Unremarkable faces new trend in ads

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Unremarkable faces new trend in ads

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Products endorsed by ordinary people: From left, commercials for Hanwha apartments, Dunkin’ Donuts, LG Telecom and Hyundai Card.

In a recent TV commercial for Hanwha group’s newly-built apartments, an elegant model pauses to take landscape pictures.
It isn’t different from other commercials, until you find out that this model is not an entertainment star, but an ordinary career woman who works for a graphic design company. Kim Jung-eun, 29, was selected to promote Hanwha from among 750 candidates who participated in a modeling contest this March.
Why would any big company choose an ordinary person to promote their apartment when Kim Hyun-joo, a big star, has been their official until now?
Shin Wan-chol, an executive at Hanwha Engineering and Construction, offered an answer.
“Ordinary models bring more familiarity and intimacy to consumers than big stars,” Shin said.
This is not the first commercial not to use top stars as promoters. Daelim Industrial Company also chose an unknown model in its commercial instead of Chae Si-ra, a well-known female actress. The commercial for Daedong Company’s Dasoop apartments is promoted by an animal character, a beaver.
Have top stars in Korea lost their power? Of course, this isn’t true. However, the culture of advertising is changing. Commercials are now based more on the products than the stars.
Lee Jung-eun, the assistant director of Cheil Communications, a leading advertising agency in Korea said, “Most top female stars have been featured in apartment commercials. There is no originality that way; we need to differentiate our strategies and one way is to select unknown and mysterious models to promote our products.”
The mobile-communications industry is no exception. Nowadays, it is rare to find top stars representing mobile companies. A commercial for KT WiBro (a wireless broadband Internet technology) uses daily objects and ordinary people to emphasize its edge in capacity.
Park Hye-kyung, the designing director of KT said, “Normally, the companies in the IT industry would use big models to promote their new products.
Today, however, the younger generation seeks fresher ideas in commercials. This is why we have to come up with other ideas for promotion than just using stars.”
The KTF commercial that introduced consumers to video telephones and a global roaming system has launched 10 ads simultaneously.
Of the 10, only one is promoted by a well-known video artist, the rest are by unknowns.
LG Telecom has also changed its advertising strategy by using characters from “The Fuccons,” a Japanese animation, as its symbol. In the past, LG had top actors like Ju Jin-mo and Han Seok-gyu represent it.
Megapass, which had Hyun Bin and Eric as their promoters, has changed its marketing strategy by having “Mega Cat” as its new model.
Ahn Sung-ki and Lee Hyun-mi, both established actors, have been promoting the Prima product of Dong Suh Food Company for 20 years; however, they have been replaced by other young stars to foster an image that appeals to today’s younger generation.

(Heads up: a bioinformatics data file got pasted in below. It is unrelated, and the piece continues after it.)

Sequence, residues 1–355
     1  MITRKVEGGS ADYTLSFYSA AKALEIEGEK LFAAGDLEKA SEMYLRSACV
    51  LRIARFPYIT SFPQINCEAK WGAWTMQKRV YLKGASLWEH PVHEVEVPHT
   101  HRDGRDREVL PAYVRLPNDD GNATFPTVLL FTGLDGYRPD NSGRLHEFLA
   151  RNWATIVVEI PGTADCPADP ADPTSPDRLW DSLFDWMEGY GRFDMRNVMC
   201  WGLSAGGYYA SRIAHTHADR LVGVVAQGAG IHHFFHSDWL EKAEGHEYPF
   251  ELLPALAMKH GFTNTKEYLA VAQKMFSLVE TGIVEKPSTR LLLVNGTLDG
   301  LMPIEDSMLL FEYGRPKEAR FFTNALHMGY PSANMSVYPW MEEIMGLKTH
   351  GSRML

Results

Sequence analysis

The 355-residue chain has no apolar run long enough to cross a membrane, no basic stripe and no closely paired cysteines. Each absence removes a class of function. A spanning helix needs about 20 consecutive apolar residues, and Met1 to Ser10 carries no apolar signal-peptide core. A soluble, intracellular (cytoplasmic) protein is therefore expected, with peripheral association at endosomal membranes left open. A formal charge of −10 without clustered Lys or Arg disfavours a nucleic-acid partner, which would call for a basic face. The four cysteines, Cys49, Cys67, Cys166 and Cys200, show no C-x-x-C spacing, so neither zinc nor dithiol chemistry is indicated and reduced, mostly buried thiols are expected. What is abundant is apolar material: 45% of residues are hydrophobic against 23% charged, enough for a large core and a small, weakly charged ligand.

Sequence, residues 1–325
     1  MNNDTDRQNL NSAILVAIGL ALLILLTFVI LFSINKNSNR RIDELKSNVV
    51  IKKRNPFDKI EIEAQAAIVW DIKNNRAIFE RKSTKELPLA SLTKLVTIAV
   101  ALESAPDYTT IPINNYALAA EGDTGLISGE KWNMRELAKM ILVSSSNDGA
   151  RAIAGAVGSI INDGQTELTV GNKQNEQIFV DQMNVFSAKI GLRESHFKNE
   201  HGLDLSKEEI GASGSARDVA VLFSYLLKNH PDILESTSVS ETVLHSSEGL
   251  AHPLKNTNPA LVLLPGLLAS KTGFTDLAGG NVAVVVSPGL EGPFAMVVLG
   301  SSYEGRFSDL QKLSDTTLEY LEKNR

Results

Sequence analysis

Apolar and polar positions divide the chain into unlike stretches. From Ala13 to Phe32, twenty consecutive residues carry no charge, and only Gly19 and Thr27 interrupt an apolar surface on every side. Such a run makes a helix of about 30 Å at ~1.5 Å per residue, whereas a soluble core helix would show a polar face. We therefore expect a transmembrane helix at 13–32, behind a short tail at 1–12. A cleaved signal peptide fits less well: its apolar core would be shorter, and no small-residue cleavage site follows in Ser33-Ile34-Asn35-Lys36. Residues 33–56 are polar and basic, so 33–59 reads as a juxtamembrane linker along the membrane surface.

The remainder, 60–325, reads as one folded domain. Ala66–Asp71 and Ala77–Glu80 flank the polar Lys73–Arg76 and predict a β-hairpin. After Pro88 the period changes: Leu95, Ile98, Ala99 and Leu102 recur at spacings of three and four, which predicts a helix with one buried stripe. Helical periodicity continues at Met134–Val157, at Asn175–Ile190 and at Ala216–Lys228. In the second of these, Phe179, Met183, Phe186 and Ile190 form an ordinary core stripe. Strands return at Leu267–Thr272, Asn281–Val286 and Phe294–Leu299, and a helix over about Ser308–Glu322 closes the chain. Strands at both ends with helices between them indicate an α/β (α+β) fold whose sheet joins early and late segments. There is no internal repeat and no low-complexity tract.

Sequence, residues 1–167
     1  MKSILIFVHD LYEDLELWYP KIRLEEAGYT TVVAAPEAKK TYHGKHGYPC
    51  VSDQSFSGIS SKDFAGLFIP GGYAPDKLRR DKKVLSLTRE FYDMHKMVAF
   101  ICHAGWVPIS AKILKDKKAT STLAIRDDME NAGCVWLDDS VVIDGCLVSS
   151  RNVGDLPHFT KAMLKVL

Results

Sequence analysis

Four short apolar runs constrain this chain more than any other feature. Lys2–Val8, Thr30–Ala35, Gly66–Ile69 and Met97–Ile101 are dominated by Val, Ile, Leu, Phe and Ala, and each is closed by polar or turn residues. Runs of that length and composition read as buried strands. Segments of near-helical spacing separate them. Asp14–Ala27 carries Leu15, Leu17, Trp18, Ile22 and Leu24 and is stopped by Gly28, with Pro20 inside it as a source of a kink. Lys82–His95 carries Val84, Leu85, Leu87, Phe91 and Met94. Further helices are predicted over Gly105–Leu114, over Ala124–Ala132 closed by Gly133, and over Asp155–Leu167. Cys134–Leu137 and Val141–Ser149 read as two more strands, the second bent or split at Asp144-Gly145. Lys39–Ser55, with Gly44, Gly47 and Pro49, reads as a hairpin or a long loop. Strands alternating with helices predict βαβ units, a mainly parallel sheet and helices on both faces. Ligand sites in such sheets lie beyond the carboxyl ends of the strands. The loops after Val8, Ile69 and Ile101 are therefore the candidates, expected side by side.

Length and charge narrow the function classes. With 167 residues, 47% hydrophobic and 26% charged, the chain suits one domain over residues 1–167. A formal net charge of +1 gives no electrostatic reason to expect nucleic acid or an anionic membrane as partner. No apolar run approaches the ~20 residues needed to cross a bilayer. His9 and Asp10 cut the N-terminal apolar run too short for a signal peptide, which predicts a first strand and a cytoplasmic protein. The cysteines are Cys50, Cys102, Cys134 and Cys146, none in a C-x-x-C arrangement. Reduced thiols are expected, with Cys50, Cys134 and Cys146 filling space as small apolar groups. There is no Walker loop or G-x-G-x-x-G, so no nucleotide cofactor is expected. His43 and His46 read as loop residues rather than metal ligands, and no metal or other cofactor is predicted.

Maxim’s Latte Ditto also has a unique commercial made up of anonymous models.
Dunkin’ Donuts, which had engaged Lee Byung-hun, now has foreign models that humorously promote their products.
The story is no different for commercials of major card companies, which usually feature big stars like Bae Yong-jun, Lee Young-ae, Jang Dong-gun and Lee Na-young.
The commercial for Hyundai Card, known for its popular CM song, “My Father Said,” has promoted a new series of commercials starring foreign models in “Adam and Eve” and “Lego Block.”
In terms of makeup commercials, it is hard to find a typical female model.
Instead, products are being emphasized.
The term “creative vampire” is spreading through the advertising industry.
It connotes that stars are like vampires who absorb all the attention and that in the end, consumers tend to forget the actual product or the brand that is being promoted.
Lee Sang-gyu, the manager of an advertising agency called TBWA said, “Korea and Japan are the only countries which depend on big models for promoting products. And since there are only a few, they tend to overlap in many different commercials.”
Recently, online stories have been running on the Internet: “Lee Young-ae’s day” and “Daniel Henney’s day.”
They criticize the dull and repetitive commercials in today’s society.
An official from an advertising company observed that Korea does not have many models to star in big commercials, especially in a society where scandals often destroy brand images.
The current UCC (user created content) boom is also affecting the advertising industry by changing the perspective of consumers, who prefer unique commercials.
The Vita 500 commercial that Rain and Lee Hyo-ri starred in resembled UCC made by teenagers.
Kim Hong-tak, an advertising critic and the director of Cheil Communications said, “In Western society, companies select big models after they have brainstormed other ideas. In Korea, it’s the other way around.”
He added, “The present flow of the advertising industry is absolutely natural.
In such a culture, it is more likely that “well-made” and “balanced” commercials will appear in the future.”


By Jung Hyun-mok JoongAng Ilbo [estyle@joongang.co.kr]

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